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A guide to using the Security and Exchange Commission's website for law students and other researchers



The Securities and Exchange Commission (SEC) was established to “protect investors, maintain fair, orderly and efficient markets and facilitate capital formation.” The SEC fulfills this mission by creating and enforcing regulations that set the standard for public disclosure of financial information by public companies. The main areas of enforcement activity are:

  • Insider trading
  • Accounting Fraud
  • False or misleading investment information

The SEC’s reach extends to securities exchanges, securities brokers and dealers, investment advisors, and mutual funds.

The SEC was created in 1934 to restore the public’s confidence in the stock market after the Great Depression. Today there are five Commissioners who are appointed by the President.

The SEC is divided into four divisions:

  • Division of Corporate Finance
  • Division of Market Regulation
  • Division of Investment Management
  • Division of Enforcement

The SEC strives to increase transparency and trust in the stock market. The goal is to encourage international business with U.S. financial institutions including: banks, investment banks and legal firms.


Annual Reports & EDGAR

Publicly traded companies are required to file an annual report with the SEC, and these reports are made publicly available at Annual reports contain a great deal of company information, including:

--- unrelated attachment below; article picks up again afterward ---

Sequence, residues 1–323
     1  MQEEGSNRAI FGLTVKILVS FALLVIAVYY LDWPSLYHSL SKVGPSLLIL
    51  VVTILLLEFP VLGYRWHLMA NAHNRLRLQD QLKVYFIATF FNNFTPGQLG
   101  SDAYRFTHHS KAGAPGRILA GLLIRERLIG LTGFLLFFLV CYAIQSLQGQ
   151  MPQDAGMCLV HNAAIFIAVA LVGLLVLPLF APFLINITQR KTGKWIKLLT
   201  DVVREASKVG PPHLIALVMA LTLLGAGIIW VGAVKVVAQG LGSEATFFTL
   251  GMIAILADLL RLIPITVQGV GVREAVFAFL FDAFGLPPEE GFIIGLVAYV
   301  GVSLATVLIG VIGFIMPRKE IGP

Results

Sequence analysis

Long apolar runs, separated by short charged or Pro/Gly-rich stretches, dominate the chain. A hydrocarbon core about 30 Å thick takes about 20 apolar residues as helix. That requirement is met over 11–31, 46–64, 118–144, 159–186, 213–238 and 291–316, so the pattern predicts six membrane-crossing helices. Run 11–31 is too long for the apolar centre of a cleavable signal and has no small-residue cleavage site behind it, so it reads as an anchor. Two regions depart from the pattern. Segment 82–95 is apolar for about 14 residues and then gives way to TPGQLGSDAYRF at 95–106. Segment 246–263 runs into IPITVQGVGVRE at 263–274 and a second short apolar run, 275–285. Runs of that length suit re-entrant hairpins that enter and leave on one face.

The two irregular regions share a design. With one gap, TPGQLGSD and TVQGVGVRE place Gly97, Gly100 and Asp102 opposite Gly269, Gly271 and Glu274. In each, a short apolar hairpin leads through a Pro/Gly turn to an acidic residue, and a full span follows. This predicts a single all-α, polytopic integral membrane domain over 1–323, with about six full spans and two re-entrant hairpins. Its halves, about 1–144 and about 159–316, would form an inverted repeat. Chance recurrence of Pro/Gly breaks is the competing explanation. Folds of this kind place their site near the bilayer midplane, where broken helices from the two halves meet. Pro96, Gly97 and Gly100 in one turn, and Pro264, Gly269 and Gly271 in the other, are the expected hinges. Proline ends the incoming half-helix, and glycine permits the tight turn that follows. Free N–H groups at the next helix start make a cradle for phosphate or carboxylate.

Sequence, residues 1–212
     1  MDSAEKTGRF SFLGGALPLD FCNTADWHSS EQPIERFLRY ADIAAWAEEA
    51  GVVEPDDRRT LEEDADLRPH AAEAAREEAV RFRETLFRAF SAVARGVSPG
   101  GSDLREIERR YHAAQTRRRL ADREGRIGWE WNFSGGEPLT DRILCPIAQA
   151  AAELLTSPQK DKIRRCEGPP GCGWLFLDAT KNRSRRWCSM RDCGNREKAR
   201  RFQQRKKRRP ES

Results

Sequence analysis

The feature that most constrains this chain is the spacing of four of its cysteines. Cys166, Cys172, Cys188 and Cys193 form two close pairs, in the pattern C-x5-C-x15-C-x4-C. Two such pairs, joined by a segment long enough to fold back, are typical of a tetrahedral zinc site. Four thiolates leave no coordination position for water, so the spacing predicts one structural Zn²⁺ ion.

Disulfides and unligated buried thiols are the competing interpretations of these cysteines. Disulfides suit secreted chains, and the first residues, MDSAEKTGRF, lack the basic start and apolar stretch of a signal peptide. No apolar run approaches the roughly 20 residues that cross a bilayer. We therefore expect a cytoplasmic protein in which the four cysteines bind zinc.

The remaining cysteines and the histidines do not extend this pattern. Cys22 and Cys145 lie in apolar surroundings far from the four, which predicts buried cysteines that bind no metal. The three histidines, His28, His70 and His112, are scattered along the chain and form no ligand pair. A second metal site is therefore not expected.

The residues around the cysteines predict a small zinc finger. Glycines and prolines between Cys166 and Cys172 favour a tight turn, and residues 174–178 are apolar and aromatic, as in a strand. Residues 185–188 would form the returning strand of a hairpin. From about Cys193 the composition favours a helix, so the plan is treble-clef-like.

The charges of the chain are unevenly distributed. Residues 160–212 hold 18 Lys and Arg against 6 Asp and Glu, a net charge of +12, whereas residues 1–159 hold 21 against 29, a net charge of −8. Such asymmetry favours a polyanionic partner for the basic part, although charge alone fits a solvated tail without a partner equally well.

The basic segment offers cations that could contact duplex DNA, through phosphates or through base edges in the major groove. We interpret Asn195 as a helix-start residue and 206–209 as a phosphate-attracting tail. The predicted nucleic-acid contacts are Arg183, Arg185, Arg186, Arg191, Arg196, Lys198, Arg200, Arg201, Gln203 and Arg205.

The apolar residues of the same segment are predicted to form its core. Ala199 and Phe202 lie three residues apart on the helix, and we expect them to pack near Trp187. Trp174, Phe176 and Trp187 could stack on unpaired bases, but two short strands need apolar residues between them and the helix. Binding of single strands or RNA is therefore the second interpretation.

• Names, ages, salaries and fringe benefits received by directors
  • Financial status of the business including independently certified financial statements
  • Material terms of contracts or lease agreements held by the company
  • Operational information

All of this information makes it easier for an investor to become more knowledgeable about the company before choosing to buy stock. This can also help a shareholder get a better picture of the company’s assets and future plans.

These reports are part of the EDGAR database, which includes more than just annual reports. provides helpful information on using the EDGAR database:

“The SEC’s EDGAR database provides free public access to corporate information, allowing you to quickly research a company’s financial information and operations by reviewing registration statements, prospectuses and periodic reports filed on Forms 10-K and 10-Q. You also can find information about recent corporate events reported on Form 8-K but that a company does not have to disclose to investors.

EDGAR also provides access to comment and response letters relating to disclosure filings made after August 1, 2004, and reviewed by either the Division of Corporation Finance or the Division of Investment Management. On May 22, 2006, the staffs of the Divisions of Corporation Finance and Investment Management began to use the EDGAR system to issue notifications of effectiveness for Securities Act registration statements and post-effective amendments, other than those that become effective automatically by law. These notifications will be posted to the EDGAR system the morning after a filing is determined to be effective.”

[See for the above, as well as the official guide to searching the EDGAR database.]